College isn't all about what happens in the classroom. It's a time to try new things, have new experiences and discover who you are and what you value. With each passing year, it's getting increasingly more difficult for young professionals to stand out from the thousands of other graduates who have turned their tassels and entered the workforce. Though grades are important to graduate, it's what happens outside of the classroom that gives you the tools to succeed after you leave campus. Now more than ever, college graduates are banking on the power of out-of-classroom experiences - like community service, clubs, internships and study abroad - to set them apart from the crowd during a high-stakes job interview process.
According to research completed by my company, UChic, a social commerce company, 86 percent of young women believe that extracurricular activities (e.g. internships, trips abroad, industry conferences, etc.) are important to their future careers. Does this sound like you? More than just résumé fillers, out-of-classroom experiences benefit you in ways you may have never considered.
You cultivate intangible skills.
Every student sits through hours of class, learns the basic principles of the subject and recalls general information for tests. But can you meet deadlines where excuses won't help? Thrive under pressure? Deal with the occasional setback? Work well with a team of people who are different from you? Throw caution to the wind to take big risks that are often necessary to gain big rewards in the professional world? These are the intangible skills employers are looking for, and coincidently, these are the skills you gain through out-of-classroom experiences. You quickly learn to navigate - through trial and error - situations you'd never face in the classroom. Take advantage of the opportunity to access these experiences to shape your education! Where to start? On-campus resources like the career center and student activities office are usually a good starting point. Professors, academic advisors and mentors can help guide and provide access to these life-changing opportunities as well.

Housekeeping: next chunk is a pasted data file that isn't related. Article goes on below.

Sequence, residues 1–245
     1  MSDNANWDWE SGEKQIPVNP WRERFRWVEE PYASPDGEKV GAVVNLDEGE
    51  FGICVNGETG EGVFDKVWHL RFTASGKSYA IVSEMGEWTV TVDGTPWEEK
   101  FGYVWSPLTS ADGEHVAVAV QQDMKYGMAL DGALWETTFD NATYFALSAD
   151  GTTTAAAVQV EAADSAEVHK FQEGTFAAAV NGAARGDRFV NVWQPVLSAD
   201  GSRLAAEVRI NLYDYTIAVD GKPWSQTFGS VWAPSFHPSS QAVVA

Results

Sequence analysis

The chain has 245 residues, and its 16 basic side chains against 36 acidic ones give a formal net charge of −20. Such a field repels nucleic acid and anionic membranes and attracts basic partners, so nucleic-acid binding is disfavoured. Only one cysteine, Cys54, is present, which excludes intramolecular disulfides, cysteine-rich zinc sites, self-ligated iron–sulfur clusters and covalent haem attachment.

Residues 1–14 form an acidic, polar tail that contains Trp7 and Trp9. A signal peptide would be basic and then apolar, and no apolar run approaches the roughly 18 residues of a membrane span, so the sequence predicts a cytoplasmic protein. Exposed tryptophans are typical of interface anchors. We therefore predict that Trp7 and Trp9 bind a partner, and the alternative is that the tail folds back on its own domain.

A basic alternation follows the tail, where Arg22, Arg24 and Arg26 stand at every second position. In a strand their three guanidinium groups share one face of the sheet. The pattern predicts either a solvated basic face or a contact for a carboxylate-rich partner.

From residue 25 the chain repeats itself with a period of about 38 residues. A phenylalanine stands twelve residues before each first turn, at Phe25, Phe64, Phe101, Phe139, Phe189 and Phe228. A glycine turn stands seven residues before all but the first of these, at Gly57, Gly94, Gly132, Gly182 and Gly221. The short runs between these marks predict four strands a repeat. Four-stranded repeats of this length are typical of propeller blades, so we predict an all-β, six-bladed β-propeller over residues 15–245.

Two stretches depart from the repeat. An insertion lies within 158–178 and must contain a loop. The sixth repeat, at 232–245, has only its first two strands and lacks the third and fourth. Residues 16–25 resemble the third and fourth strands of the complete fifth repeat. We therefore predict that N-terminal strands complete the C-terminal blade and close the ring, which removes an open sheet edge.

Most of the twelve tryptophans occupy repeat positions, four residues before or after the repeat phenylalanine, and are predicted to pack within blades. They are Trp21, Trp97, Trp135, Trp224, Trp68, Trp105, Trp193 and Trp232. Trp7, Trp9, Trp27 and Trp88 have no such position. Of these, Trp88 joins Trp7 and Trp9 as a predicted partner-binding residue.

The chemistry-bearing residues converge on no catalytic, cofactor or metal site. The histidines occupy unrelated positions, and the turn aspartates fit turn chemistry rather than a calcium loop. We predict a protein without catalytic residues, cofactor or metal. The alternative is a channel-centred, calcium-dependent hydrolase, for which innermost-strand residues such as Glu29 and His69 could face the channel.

You find your passion.
Get involved in those extra-curricular activities, organizations and professional clubs that relate most to your unique talents and interests. Why? College is a time of self-discovery, so you have to try a lot of things to know what inspires you. Alternatively, these experiences can serve as a test run to help you weed out what is NOT for you. You may dream of becoming a politician only to find that after a summer internship on the campaign trail, you prefer writing about politics over participating. Through experimentation comes self-discovery.
In school, I was fortunate to receive unique opportunities out of the classroom - like interning in Washington D.C., presenting research in Paris, playing with the symphony, and more. Not only did I pick up some useful career-ready skills like how to take a collaborative research paper from start to finish at my government internship in DC, I also learned that I was probably better suited to the fast-paced world of business.
You earn your bravery badge.
The thought of spending a semester studying and exploring a culture different from your own or taking a summer internship in a new city can be downright terrifying. However, these are the moments and opportunities that prepare you to face much bigger challenges down the road. By stepping way out of your comfort zone and, at times, addressing fears head on, you set yourself up for big payoffs.
For me, all of these lessons took form in Music Mentors, a nonprofit I started while in college. Though I was fortunate enough to be able to take private music lessons growing up, many kids are not as fortunate. Our program aimed to bridge that gap by connecting eager college musicians with elementary students, providing them with weekly one-on-one lessons. Our organization grew and we were eventually invited to perform as a group at the White House for a holiday event. Not only was I able help give these kids experiences they may never have had otherwise, I gained valuable leadership knowledge and skills I never would have gotten if I limited my education to the classroom.
Run for student senate president, start your own non-profit organization, take a semester abroad - whatever you decide, aim as big as you can dream and it will be worth it no matter what.
You get the ball rolling.
The best part about out-of-classroom experiences? They build on each other. Each one opens the door to a future opportunity. They grow your professional network, connecting you with others who may be able to help your future career search, and provide you with valuable skills and lessons you can carry and build upon with each subsequent opportunity. If you don't start the ball rolling, you never know what you might miss.
You may not succeed 100 percent every time, but you'll never fail when you work towards achieving your dreams.